Collaboration platforms like Microsoft Teams, Slack, and Workplace from Facebook promise end users a better way of working. These platforms offer a centralized hub, connecting people with content and capabilities. With many employees still working remotely, the importance of collaboration technology is greater than it has ever been before.
In the wake of COVID-19, we’ve seen many companies rapidly adopt new collaboration platforms, a process that normally takes months or even years for large enterprises. In fact, the usage share for Microsoft Teams grew from 11% in February to 34% in June. However, in the rush to deploy collaboration to enable remote work, security and governance have taken a backseat.
With the great power of these collaboration platforms comes great responsibility. Without proper governance, end-users are left to their own devices, and most simply don’t think about the security implications of many of their actions. They create new teams and channels, invite whomever they choose (including guests), share every manner of documents, and they rarely take any action to clean up the workspace at a later date.
At Unify Square, we’ve seen many governance challenges while helping our customers monitor, measure, and manage their collaboration environments. Here are some common issues you should consider, ideally before deploying a new collaboration platform.
Governance to Avoid Team and Channel Sprawl
While a large number of teams and channels may not seem that important, there are a couple ways sprawl can come back to create security threats and problems. End users confronted with too many similar workspaces lose productivity while trying to identify the correct one to use. Rather than spend time searching for the right team, they may instead create yet another, further proliferating the number of workspaces.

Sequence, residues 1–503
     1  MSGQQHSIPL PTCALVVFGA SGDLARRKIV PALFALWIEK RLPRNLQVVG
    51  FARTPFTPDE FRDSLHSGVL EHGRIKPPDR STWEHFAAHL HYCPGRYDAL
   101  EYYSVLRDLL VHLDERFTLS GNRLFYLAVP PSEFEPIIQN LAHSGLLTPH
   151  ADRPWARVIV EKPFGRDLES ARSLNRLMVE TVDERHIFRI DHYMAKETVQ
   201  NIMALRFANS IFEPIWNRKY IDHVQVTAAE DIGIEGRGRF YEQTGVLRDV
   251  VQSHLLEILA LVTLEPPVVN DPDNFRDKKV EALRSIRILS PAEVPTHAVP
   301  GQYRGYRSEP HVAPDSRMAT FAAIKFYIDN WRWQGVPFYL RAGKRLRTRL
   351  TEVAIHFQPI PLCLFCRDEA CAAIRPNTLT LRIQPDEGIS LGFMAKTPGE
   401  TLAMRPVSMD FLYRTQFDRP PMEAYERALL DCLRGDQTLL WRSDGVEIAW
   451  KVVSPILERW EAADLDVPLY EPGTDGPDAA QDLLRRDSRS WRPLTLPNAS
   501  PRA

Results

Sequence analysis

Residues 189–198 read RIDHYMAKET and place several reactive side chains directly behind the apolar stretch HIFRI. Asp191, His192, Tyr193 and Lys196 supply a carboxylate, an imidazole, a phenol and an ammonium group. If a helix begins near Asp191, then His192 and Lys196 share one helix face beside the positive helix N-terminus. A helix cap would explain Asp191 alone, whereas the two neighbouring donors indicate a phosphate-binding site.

While teams or channels may often become abandoned or orphaned, that doesn’t mean the data on them disappears. Unused teams and channels create security headaches and risk issues—as that data is still accessible—even as group membership faces little oversight. There are a couple types of policies that can help IT get a handle on sprawl:
- Who should be allowed to create teams or channels? By limiting who in an organization can create these workspaces in the first place, fewer will come to exist. This nips your sprawl problem in the bud. Some organizations choose to add a step to request a new team from IT to limit unnecessary teams, as well as to ensure new teams are properly configured.
- Workspace Audits: Even if a channel starts out as necessary, there’s no guarantee it will continue to be needed six months down the line. Workspaces should be audited to ensure they’re still required. There are different ways to do this. Some organizations choose to have all teams and channels go through a periodic renewal process, while others look to focus on just those that are inactive. It’s also important to consider whether unused workspaces should be archived or deleted, and this may depend on your data retention policy.
Workspace Settings Governance
There are a number of policies worth considering that apply to workspace, team, or channel configuration. These configuration policies ensure consistent organization of workspaces as well as consistent security. Given these settings impact workspaces during the creation process, they’re important to consider early in a collaboration platform deployment.
- Workspace Naming Conventions: There are several types of naming conventions organizations may choose to put in place. Common examples include a prefix or suffix denoting an external-facing workspace. Location or department names can also be incorporated. Proper naming makes it easier for end-users to find the right workspace and ensures that team members are aware of the presence of guests in a workspace or chat.